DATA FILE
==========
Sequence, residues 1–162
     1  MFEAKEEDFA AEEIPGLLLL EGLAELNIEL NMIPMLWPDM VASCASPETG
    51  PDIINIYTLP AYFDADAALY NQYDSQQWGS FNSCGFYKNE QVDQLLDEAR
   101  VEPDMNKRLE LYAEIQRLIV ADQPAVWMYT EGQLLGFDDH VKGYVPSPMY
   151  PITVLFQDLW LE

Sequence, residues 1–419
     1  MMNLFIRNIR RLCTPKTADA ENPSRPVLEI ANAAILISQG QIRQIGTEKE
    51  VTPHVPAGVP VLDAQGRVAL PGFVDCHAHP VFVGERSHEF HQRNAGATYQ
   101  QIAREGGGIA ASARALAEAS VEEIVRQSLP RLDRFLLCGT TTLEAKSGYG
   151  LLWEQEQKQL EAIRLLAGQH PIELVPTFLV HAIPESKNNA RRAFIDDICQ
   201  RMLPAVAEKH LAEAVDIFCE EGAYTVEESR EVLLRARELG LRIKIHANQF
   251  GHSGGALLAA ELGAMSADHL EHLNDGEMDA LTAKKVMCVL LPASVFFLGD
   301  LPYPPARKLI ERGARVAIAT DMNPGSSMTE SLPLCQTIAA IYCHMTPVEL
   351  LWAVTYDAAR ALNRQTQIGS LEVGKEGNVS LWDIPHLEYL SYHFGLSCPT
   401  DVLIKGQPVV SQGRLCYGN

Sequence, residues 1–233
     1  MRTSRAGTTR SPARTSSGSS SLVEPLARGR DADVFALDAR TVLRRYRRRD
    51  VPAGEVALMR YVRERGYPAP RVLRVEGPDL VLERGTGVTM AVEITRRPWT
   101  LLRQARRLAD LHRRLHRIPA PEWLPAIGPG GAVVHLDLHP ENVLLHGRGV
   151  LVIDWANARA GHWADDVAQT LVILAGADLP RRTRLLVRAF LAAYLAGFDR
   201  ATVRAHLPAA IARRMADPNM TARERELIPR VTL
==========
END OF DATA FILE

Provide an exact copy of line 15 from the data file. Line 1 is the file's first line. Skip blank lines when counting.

   401  DVLIKGQPVV SQGRLCYGN